Come far andare oltre il tuo arrosto della domenica

Quali sono i migliori avanzi del pranzo della domenica per i pasti dei giorni feriali??
Alison, Guildford

Ah, un pranzo domenicale degno di un centrotavola che può essere reinventato il lunedì (e martedì e oltre) to bring ease and variety to weeknights … While leftover roast chicken is, forse, the obvious answer to Alison’s question, it’s nonetheless a good starting point. “It’s one of my favourite things,” chef Chantelle Nicholson says. “You can use the meat in multiple ways, and you also have the carcass to make stock.”

sì, stock might seem a bit of a faff, soprattutto se, as Nicholas Balfe puts it, “you’re stuffed and tipsy”, but it is well worth the effort. “The next day, make a ramen-style broth seasoned with miso and dried seaweed, if you have it, and add quick-cook noodles and thinly sliced leftover roast meat,” says Balfe, whose new restaurant, Holm, opens in Somerset in November. In alternativa, Florence Knight, who heads the kitchen at Sessions Arts Club in London, simmers ricotta gnudi in chicken stock “with a good handful of sorrel leaves”, while Nicholson uses hers to glaze vegetables: “I love spring greens or sprout tops cooked in reduced chicken stock.” (Any you don’t use can be frozen in ice cube trays.)

When it comes to the bird, the first trick is to get the roast right. “Air-dry it in the fridge overnight with a light rub of salt and bicarbonate of soda, to help crisp up the skin,” says Knight, whose trimmings include roast potatoes and carrots (leftovers are destined for soup topped with salsa verde and croutons). Quindi, for a quick Monday meal, fold the shredded leftover chicken through bitter leaves or baby gem with herbs, lemon and creme fraiche.

Rice is another excellent vehicle for leftovers, Balfe says: “Fry an egg in a hot wok, add cooked rice, leftover cabbage and roast veg, shredded meat, sichuan pepper, toasted nuts, coriander and sesame oil.” Job done. Detto ciò, cooking a big batch of, say, lentils or spelt (for salads, curries, stews) is another efficient way of doing things, as is roasting a squash, which Nicholson adds to frittatas and pastas, or blends into soup.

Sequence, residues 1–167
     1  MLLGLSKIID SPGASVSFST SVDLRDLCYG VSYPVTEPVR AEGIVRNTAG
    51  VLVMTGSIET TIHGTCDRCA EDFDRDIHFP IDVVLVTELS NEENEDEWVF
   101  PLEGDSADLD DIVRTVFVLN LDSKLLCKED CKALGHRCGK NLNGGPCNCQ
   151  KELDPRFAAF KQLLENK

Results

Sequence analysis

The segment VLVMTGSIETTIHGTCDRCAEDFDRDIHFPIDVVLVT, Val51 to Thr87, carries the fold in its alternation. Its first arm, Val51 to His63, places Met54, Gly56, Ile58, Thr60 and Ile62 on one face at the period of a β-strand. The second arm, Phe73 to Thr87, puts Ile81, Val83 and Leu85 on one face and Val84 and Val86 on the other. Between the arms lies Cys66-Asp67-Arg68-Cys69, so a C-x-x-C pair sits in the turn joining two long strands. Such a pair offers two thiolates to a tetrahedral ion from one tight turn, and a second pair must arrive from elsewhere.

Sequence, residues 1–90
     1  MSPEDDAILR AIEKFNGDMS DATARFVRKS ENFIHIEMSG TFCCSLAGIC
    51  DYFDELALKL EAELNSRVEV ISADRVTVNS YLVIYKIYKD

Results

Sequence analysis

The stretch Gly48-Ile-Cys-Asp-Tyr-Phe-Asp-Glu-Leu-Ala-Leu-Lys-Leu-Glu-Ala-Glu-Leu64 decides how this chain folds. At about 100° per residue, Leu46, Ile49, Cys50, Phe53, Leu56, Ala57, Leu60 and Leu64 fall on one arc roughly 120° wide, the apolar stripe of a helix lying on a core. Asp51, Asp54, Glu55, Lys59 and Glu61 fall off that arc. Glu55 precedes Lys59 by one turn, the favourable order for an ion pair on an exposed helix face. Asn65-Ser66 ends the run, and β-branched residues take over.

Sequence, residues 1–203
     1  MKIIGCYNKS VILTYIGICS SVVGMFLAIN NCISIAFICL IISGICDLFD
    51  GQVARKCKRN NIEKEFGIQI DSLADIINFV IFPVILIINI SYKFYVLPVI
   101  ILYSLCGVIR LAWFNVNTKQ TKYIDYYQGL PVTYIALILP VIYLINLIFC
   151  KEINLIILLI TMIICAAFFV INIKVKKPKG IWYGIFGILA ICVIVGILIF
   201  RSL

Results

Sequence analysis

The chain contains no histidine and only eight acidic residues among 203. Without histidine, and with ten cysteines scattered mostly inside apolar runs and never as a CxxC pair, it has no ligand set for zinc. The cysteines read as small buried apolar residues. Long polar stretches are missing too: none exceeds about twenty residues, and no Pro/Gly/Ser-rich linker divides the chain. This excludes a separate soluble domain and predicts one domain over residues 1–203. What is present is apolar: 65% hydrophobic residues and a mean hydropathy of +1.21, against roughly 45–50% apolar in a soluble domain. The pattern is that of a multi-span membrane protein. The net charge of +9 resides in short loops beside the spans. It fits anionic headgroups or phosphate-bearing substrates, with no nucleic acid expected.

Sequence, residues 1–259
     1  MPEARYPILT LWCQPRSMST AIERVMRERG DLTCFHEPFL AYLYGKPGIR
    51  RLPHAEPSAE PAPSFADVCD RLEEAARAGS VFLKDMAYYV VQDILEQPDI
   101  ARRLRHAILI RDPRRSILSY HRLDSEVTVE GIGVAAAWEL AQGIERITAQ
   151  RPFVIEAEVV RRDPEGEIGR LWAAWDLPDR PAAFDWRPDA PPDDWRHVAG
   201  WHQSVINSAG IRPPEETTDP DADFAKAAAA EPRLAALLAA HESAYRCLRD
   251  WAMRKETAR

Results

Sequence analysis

We all know roasties are the best part of Sunday lunch, so it’s no surprise any leftovers are a hot commodity. “If the spuds don’t get snaffled by bedtime,” Balfe says, “they’re great in a focaccia sandwich with leftover roast meat, mayo, pickles and hot sauce.” They can also be refashioned in numerous other ways – for Tom Hunt, that means aloo chaat: crush and cook leftover roast potatoes in oil, add chaat masala, cooked pulses and tomato, then chuck in spring onions, coriander and chilli. Serve with more chaat masala, a splatter each of tamarind paste and yoghurt and a lime wedge.

Then there are pies. Stuart Deeley, head chef of Smoke at Hampton Manor in the West Midlands, knocks up “compost pie”, AKA whatever roast veg he’s got to hand mixed with cheese sauce and topped with pastry. Balfe, nel frattempo, has been known to make a pot pie with leftover diced lamb: “Combine it with sweated onions, carrot, celery, a handful of lentils or pearl barley, leftover veg and stock, season and crown with a suet crust.”

Deeley, nel frattempo, turns excess lamb into ragu, though for quicker comfort vibes, make like Nicholson with a lamb, kimchi and cheddar toastie (fried in lamb fat optional, but encouraged). "Ora that’s really good.” And who am I to argue?

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